advanced from Pikeville on the 14th of March, and on the Kith drove the (>nemy in eonfusion from the
<^ap, completely dispeivini; him. Colonel Gai-tield then returned to PikevilK>, ami on the 24th of March
was ordc-reil witli his lirij;ade to Louisville via the Big Samly and (Jhio Rivers.

General Crittenden who had moved forward from Caliioun to South Cai'rolton, returned with his
division to Calhoun about the 1st of Febi-uary, when Cidonel Cruft's brigade embarked, and |)roeeeding
via the Green, Ohio, and Tennessee Rivers, joined General Gi-ant at Fort Henry after tJie surrender of
that pluee. ("olonel Cruft's brigade was asr-igned to Genei'al Lew. Wallace's division, and took part in
th<! battle of Fort Donelson, which resulted in the surrender of the enemy to General (iraiit on the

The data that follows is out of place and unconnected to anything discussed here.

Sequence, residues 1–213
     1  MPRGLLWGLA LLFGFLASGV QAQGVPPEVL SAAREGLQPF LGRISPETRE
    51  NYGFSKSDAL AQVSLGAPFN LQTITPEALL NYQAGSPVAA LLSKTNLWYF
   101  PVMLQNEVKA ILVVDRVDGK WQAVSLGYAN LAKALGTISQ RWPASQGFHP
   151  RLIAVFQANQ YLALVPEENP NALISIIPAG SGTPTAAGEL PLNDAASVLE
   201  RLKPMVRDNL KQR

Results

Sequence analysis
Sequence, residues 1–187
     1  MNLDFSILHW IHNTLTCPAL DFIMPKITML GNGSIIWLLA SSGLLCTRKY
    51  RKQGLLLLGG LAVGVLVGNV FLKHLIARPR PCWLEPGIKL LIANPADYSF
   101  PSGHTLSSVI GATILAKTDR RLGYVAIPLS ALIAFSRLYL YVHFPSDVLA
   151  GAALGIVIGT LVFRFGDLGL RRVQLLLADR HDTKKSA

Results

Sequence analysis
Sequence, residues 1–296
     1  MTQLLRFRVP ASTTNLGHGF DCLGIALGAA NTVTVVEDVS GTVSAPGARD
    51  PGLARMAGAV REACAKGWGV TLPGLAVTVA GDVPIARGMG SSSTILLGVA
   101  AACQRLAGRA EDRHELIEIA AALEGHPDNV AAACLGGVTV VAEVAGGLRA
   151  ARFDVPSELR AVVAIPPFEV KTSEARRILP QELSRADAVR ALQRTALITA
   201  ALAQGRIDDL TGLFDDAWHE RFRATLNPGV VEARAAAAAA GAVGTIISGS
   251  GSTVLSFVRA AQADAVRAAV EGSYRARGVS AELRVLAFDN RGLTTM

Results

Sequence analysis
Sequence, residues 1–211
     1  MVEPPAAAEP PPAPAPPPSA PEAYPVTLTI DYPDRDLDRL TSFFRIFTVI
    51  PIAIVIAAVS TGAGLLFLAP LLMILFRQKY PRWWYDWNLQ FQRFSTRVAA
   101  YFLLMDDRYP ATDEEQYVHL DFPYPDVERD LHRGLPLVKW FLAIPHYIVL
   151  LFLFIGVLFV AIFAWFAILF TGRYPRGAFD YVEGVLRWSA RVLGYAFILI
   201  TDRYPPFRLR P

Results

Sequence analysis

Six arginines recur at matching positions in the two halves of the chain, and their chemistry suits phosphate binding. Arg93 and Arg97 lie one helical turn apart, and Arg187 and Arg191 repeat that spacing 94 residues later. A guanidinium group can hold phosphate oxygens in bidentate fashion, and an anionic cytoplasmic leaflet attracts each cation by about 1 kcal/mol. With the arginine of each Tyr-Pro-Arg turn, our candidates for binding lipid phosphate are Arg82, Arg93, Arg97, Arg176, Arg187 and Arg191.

morning of the IGtli of Fi-bruarv, lsr)'J, after three day's fighting. General Crittenden with the other
brigade of his division marched from Calhoun to O\vensi)oro, where he eml>arked and proceeded via the
Ohio anil Cumberland Rivers to Fort Donelson, arriving aftei' tin- surri-niler.

While (leneral (Jrant was thus operating against the enemy. General Buell had begun to concen-
trate his army, preparatory to advancing on the enemy's ]>o>ition at Bowling Green. Generals Thomas's
and Wood's divisions were recalled fr(»m Somerset and Hall's (iap to Lebanon. (Jeneral Mitchell's
division was moved forward from Bacon Creek to Cireen River, and on the 13th of February advanceil
toward Bowling Cireen, arriving there on the 15th and taking possession of the place; the rebels having

" Oi'iieniU ZoUiiofri'r'H mid C'urroll'H bri^'ndeR eoiiBisttMl ol four iiirantr/ ri'>(iiiii>iili) and a batti-ry each. Oonpral Zullicolfi-r was


evacuated it earlv in the iiiorniiic;, rctrcatino; to Nashville. General J3uell now ordered General Tliomas's
di\nsion to Louisville, and General Nelson's division to West Point, at wliicli ])luces they respectively